Provenge and men with advanced prostate cancer
At the fall meeting, Paul Schellhammer, of Urology of Virginia, presented insights on the immunotherapy Provenge (sipuleucuel-T), leading the group through a perspective on the drug’s path to FDA approval for men with advanced prostate cancer. Schellhammer presented two modern data points from the IMPACT trial and PROCEED registry that give indicators of patient populations that may benefit more from sipuleucel-T. His analysis of baseline PSA levels and corresponding overall survival from the IMPACT trial has been called the “quartile” data. The analysis illustrates a more pronounced survival among men with a PSA less than 22.1ng/ml upon therapy commencement. Additionally, he reviewed data recently presented at the AUA on Provenge use within the African-American population from the PROCEED registry. These data demonstrated a survival benefit of 37.3 mo. vs. 28.0 mo. compared to Caucausian men. This benefit was even more pronounced when looking at below-average PSA levels (54.3 months vs. 33.4 months, respectively).
- Ref: Lower Baseline Prostate-specific Antigen Is Associated With a Greater Overall Survival Benefit From Sipuleucel-T in the Immunotherapy for Prostate Adenocarcinoma Treatment (IMPACT) Trial. Schellhammer, Paul F. et al. Urology , Volume 81 , Issue 6 , 1297 – 1302
- Sartor O, et al. Overall Survival Analysis of African American and Caucasian Patients Receiving Sipuleucel-T: Preliminary Data from the PROCEED Registry. Presented at the 2017 American Urological Association (AUA) Annual Meeting; May 13, 2017; Boston, Mass.
New treatment options for bladder and kidney cancers
The Fall 2017 UroGPO meeting highlighted two disease states in which new therapeutic options are rapidly coming to market: bladder cancer (urothelial carcinoma) and kidney cancer (renal cell carcinoma – RCC). In the past year, five new treatment options have been approved for locally advanced/metastatic bladder cancer, and studies continue in earlier disease states. The audience response session indicated that most meeting attendees were most familiar with Merck’s pebrolizumab (Keytruda), at 64 percent, vs. Genentech’s atezolizumab (Tecentriq) at 21 percent and BMS’s nivolumab (Opdivo) at 9 percent. As expected in a room full of practice leaders and progressive MDs, 87 percent of the audience responded that they want their practice to be prioritized for bladder and RCC initiatives in 2018, while 12 percent plan to wait until 2019. UroGPO has also compiled your feedback on preferred educational methods, with many requesting 2018 Bladder & RCC champs programs, UroGPO guidelines and in-office or virtual product-specific education. We are committed to working with you to develop the resources needed to bring these therapies to your patients. Please reach out to Ross Downing, firstname.lastname@example.org, for more information on UroGPO’s Bladder and RCC initiatives.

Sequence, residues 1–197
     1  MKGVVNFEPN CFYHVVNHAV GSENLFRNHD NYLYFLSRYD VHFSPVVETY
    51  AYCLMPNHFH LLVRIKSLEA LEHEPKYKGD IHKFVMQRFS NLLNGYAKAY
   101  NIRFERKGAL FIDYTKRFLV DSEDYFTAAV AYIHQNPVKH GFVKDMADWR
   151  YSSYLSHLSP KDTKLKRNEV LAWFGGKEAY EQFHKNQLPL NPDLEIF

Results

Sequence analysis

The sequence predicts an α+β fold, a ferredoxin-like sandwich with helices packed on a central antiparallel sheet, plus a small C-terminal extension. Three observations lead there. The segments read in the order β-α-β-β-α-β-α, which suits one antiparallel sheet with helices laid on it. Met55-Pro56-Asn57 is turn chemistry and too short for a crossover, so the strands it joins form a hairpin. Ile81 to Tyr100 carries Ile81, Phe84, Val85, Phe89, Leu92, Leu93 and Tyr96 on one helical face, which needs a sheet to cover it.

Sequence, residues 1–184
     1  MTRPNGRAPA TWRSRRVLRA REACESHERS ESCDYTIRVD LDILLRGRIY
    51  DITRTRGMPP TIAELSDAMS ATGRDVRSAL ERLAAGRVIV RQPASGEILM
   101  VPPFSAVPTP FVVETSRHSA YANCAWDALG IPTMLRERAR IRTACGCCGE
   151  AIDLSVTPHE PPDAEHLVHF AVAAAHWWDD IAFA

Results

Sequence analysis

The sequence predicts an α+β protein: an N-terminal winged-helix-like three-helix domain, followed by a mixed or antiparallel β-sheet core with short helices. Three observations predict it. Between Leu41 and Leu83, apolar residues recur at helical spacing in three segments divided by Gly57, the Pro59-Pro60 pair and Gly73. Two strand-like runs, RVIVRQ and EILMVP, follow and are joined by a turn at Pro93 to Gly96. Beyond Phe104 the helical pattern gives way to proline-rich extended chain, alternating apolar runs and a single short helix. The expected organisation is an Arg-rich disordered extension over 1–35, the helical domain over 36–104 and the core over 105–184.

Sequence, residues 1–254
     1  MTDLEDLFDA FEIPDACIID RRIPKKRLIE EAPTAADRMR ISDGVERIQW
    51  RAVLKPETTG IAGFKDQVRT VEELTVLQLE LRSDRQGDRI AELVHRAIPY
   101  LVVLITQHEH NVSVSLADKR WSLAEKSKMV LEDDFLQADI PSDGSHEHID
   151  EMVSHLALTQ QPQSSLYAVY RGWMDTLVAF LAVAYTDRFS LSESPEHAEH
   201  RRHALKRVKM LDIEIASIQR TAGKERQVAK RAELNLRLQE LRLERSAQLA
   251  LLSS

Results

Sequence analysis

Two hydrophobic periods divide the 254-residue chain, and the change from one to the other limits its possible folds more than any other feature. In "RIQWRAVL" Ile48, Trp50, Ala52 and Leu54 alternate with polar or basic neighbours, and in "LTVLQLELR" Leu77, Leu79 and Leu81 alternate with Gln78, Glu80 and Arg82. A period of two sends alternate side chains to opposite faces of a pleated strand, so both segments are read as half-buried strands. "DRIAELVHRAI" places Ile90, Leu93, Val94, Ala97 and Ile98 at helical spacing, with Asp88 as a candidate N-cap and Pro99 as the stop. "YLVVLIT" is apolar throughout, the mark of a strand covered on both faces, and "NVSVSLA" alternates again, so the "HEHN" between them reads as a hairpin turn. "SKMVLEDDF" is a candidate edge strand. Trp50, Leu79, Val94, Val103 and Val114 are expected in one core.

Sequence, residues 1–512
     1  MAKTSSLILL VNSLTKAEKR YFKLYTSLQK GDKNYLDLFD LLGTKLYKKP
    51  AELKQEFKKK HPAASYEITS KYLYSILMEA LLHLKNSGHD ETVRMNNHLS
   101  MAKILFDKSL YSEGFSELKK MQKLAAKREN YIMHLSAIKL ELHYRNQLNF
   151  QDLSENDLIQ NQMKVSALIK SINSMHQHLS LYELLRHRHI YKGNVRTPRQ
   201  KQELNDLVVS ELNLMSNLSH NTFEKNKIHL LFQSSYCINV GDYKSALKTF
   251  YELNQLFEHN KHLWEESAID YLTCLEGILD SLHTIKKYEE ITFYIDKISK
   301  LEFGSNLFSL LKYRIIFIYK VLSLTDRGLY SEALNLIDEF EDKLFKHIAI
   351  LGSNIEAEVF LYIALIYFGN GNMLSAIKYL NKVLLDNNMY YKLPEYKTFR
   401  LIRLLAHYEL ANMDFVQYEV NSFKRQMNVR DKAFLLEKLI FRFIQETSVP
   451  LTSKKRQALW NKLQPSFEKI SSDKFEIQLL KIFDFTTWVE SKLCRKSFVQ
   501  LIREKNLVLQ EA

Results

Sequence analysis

Potential new therapies for M0 CRPC
The non-metastatic castrate-resistant prostate cancer (M0 CRPC) space is proving to be an exciting area of research, with several therapies potentially becoming available in the near term. Drugs in development are Janssen’s apalutamide, Astellas/Pfizer’s enzalutamide and Bayer’s darolutamide. Currently, no therapy is approved for men in this stage of disease. The agents in development are oral therapies and will bolster practices that have an active in-office dispensary. UroGPO will be working with its medical consultants to build guidelines that address this new disease space. As many field leaders have noted, M0 disease is part of urology’s continuum of advanced prostate cancer care. New therapies in this arena will complement the existing operationalization of regular PSA monitoring, imaging frequency and treatment consistency.
Tackling Peyronie’s disease
UroGPO opened the 2017 meeting with its Men’s Health Initiative session, focusing education on the unmet need in Peyronie’s disease. As shown by the ARS responses, most men wait between seven and 12 months after noticing symptoms before receiving a diagnosis. This session’s education, along with UroGPO’s new exclusive contract offering for XIAFLEX® (collagenase clostridium histolyticum), may help with practice obstacles to care. The audience noted that less than 10 percent of men indicated for treatment with Xiaflex were receiving treatment, most likely related to a lack of experience (29 percent) or reimbursement (31 percent). UroGPO will be working with the network to develop processes to identify and treat men with this condition.
UroGPO previews new BPH guidelines
Dr. David Sussman of Delaware Valley Urology delivered an overview of patient and treatment considerations for Benign Prostatic Hypertrophy (BPH) and rolled out a preview of the newly minted UroGPO BPH guidelines. Six months in the making and led by a dedicated group of advisors, the UroGPO guidelines approach BPH in simple, decision-tree format, with the goal of assisting the standardization of patient care. Print versions of the UroGPO BPH guidelines have been shipped to each of the member practices and digital versions are available through the UroGPO member portal or by clicking here.